Since November 2020, many landlords have feared that the 1031 “Like Kind” Tax Deferred Exchange could be on the chopping block. The Biden White House had proposed curtailing 1031 exchanges to help fund their Build Back Better spending program (BBB).[i] Other Democrat leaders have proposed eliminating 1031 exchanges altogether.
While there are some income-tax and real estate-related changes in the version of the bill currently before the Senate[ii] , we are pleased that neither the House-passed version of the BBB nor the Senate version currently include any limitations to IRC Section 1031.[iii]
Although not the first to call for this, the Biden administration has sought the elimination of certain tax preferences for real estate and other supposed “loopholes,” including 1031 exchanges, and the step-up in cost basis for appreciated assets at death.[iv] These are long-standing provisions in the tax code with decades of promulgated regulations and case law.
IRC Sec. 1031 has been characterized as a mere tax-avoidance strategy for ultra-wealthy real estate moguls.[v] In reality, tax-deferred exchanges may represent a stimulant to the US economy that could not only lead to higher deal flow but potentially create jobs and benefits for taxpayers of all sizes.
From 2010 through 2020, like-kind exchanges accounted for 10 to 20 percent of all commercial real estate transactions, according to a September 2020 study by David C. Ling, a real estate professor at the University of Florida, and Milena Petrova, an associate professor of real estate and finance at Syracuse University.
Another study by Ernst & Young, published in May 2021, documents how eliminating 1031 exchanges could negatively impact the economy by up to $13.1 billion annually. All told, the accounting and consulting firm concluded that 1031 exchanges could support as many as 710,000 jobs that generate labor income of up to $34.4 billion this year. Ernst & Young also found that a repeal of 1031 exchanges likely would result in less federal tax revenue.
While this is certainly a political hot button, one of the likely saving graces is that Section 1031 isn’t Democrat or Republican—there are everyday real estate owners in both parties who take advantage of tax-deferred exchanges.
A 2019 survey from the National Association of Realtors found that multifamily properties and single-family rentals made up a sizable portion of 1031 exchanges among its members, with many conducted by smaller investors.
Net lease properties, such as single-tenant Walgreens, McDonald’s or 7-Eleven stores, are also popular for like-kind exchanges—around a third of those buyers have used the program, according to Alex Sharrin of Jones Lange and LaSalle (“JLL”), who oversees the firm’s national net lease investment practice.[vi]
While restrictions or elimination of 1031s appear unlikely for now, those in the property industry should keep an eye on future developments to help ensure it stays that way. As the research studies noted earlier have shown, like-kind exchanges can increase buying power, allow reinvestment into higher-income properties, and swap properties with significant management needs for ones with lower maintenance liability. For more information about passive real estate investments, please call 1031 Capital Solutions at 1-800-445-5908 or visit our website, 1031capitalsolutions.com.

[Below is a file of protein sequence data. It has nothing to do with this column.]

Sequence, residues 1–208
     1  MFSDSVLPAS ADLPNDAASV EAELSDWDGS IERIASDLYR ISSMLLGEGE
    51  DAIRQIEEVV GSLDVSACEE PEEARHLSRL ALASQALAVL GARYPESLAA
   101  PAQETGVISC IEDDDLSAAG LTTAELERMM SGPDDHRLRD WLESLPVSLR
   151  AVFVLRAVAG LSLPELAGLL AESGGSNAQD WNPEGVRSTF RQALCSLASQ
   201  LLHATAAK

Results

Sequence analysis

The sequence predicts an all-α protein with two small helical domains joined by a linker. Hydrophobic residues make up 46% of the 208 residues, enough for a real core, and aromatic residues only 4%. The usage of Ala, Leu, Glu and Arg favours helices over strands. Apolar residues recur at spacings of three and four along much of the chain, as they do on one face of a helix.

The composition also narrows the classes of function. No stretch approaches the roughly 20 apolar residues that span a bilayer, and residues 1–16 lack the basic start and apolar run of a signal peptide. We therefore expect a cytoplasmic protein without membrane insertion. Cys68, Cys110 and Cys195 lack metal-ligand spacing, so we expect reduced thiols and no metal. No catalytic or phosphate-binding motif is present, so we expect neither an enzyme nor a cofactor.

This is for informational purposes only, does not constitute as investment advice, and is not legal or tax advice. Because investors situations and objectives vary this information is not intended to indicate suitability for any particular investor. Please consult the appropriate professional regarding your individual circumstance. This material is not to be interpreted as tax or legal advice. IRC Section 1031, IRC Section 1033 and IRC Section 721 are complex tax concepts, therefore you should consult your legal or tax professional regarding the specifics of your particular situation. Investments in securities involve a high degree of risk and should only be considered by investors who can withstand the loss of their investment. Prospective investors should carefully review the “Risk Factors” section of any prospectus, private placement memorandum or offering circular. The data contained in this material was obtained from third-party sources believed to be reliable; however 1031 Capital Solutions, CIS, and CAM do not guarantee the accuracy of the information.
Services offered through Concorde Asset Management, LLC (CAM), an SEC-registered investment adviser. 1031 Capital Solutions is independent of CIS and CAM.
[i] National Law Review, as of 04.29.21
[ii] Schwab, as of 11.22.21
[iii] IPXExchange, as of 12.14.21
[iv] NBC News, as of 05.15.21
[v] Bloomberg, as of 04.28.21
[vi] The Real Deal, as of 05.03.21